Tuesday, February 26, 2013




Saturday, January 19, 2013

I Am Reading Whether You Like It or Not

The fresh-faced, Montreal-based reading series, THIS IS HAPPENING WHETHER YOU LIKE IT OR NOT will do the unthinkable and feature me as a reader this Friday, January 25 for their fourth instalment.

I will be reading something from Cosmo (or maybe some poemies) and yep, Cosmo will be for $ALE!

I'm sharing the stage/floor with writers/readers/performers Drew Nelles, Zoe Sharpe, Ben Stephenson, Olivia Wood, and Matthew Duffy. There'll be live music from two secret bands and Mathematique. There'll be video projections by Erik Zuuring. There'll be two hosts: Guillaume Morissette and Ashley Oppenheim.


Where: The Dove (address forthcoming), Montreal, QC
When: 9 p.m. to 2 a.m.
PWYC/$5 suggested.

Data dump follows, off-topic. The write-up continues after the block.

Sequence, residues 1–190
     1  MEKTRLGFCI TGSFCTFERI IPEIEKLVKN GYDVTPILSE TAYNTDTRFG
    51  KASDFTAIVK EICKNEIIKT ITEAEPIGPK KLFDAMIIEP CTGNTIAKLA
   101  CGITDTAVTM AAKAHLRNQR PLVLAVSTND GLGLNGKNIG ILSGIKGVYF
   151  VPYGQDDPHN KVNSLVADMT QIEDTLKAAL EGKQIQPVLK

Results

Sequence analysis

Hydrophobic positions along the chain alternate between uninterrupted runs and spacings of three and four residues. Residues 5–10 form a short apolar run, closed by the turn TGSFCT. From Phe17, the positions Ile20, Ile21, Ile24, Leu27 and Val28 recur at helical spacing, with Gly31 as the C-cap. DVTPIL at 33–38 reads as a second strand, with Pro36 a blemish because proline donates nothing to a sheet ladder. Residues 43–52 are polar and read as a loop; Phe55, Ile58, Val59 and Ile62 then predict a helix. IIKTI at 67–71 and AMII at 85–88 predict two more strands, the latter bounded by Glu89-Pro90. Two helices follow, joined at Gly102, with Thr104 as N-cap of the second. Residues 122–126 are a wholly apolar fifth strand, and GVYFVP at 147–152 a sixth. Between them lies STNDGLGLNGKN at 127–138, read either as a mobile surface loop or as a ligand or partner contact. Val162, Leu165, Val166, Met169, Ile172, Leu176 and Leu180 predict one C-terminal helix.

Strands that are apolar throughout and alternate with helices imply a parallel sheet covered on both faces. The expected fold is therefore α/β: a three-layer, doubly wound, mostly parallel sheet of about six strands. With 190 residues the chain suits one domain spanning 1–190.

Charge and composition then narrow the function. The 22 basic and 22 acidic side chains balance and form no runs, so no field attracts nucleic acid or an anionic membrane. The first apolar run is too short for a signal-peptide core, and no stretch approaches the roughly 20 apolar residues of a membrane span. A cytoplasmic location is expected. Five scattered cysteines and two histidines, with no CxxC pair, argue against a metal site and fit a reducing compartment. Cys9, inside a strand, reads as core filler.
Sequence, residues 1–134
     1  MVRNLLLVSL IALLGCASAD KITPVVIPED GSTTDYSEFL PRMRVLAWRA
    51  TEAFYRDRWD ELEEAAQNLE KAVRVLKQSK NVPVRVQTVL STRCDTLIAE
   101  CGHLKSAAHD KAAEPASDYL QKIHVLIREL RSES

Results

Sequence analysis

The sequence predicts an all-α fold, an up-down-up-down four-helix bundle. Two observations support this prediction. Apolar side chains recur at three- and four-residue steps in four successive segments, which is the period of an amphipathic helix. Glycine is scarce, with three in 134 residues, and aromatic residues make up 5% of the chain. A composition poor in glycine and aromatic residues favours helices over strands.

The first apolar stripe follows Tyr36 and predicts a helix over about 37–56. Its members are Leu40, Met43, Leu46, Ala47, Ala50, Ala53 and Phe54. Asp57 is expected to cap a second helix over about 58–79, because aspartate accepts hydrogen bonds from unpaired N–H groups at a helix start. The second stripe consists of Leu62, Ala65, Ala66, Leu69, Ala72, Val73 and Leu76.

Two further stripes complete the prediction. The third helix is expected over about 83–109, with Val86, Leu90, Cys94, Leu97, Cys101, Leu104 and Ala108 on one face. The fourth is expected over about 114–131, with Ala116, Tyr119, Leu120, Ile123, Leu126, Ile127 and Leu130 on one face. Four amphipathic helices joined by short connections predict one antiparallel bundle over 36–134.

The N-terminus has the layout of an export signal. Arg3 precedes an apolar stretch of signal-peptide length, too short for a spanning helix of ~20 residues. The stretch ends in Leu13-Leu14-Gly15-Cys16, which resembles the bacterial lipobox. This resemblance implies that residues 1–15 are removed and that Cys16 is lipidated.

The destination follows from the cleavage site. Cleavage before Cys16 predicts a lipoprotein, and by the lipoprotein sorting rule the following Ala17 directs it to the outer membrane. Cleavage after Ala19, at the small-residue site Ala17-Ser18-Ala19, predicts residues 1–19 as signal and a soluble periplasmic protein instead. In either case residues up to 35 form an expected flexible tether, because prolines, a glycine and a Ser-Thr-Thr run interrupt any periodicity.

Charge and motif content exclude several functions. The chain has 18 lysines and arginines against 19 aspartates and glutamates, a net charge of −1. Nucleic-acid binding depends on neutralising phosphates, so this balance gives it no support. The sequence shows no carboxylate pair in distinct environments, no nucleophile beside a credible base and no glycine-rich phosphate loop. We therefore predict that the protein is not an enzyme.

Wednesday, January 9, 2013

THIS Magazine Reviews Cosmo!

THIS Magazine's Caitlynn Cummings has reviewed Cosmo for the new January/February 2013 issue.

It's a short but sweet review. Here's what she had to say:

In his first collection of fiction, Cosmo, Spencer Gordon shows us his Mariah Carey-esque range. With expert wordsmithery, Gordon moves from affecting familial realism to absurd vision quests in celebrity to experimental palate cleansers. The opening lyricism of "Journey to the Centre of Something" and the masterfully controlled, tightly reined prose of "Jobbers" gives way to a 3,000-word sentence and an epic Wiki-ramble-babble called "Frankie+Hilary+Romeo+Abigail+Helen: An Intermission." But with breadth also comes focus: character, cyber culture, stardom. Cosmo's most successful meditations on the latter involve Matthew McConaughey picking up unconscious doppelgangers on a road trip through the desert; Leonard Cohen entering into an ironic endorsement deal with Subway; and Lil' Romeo's biography sitting uncomfortably beside Helen Keller's. Brave, poignant, and hilarious, Cosmo, I can't help but think, must be for Gordon, like McConaughey, "his personal chariot through good times and dangerous places," his "key to adventure, immaturity, [and] boyish exploration."

Sunday, December 30, 2012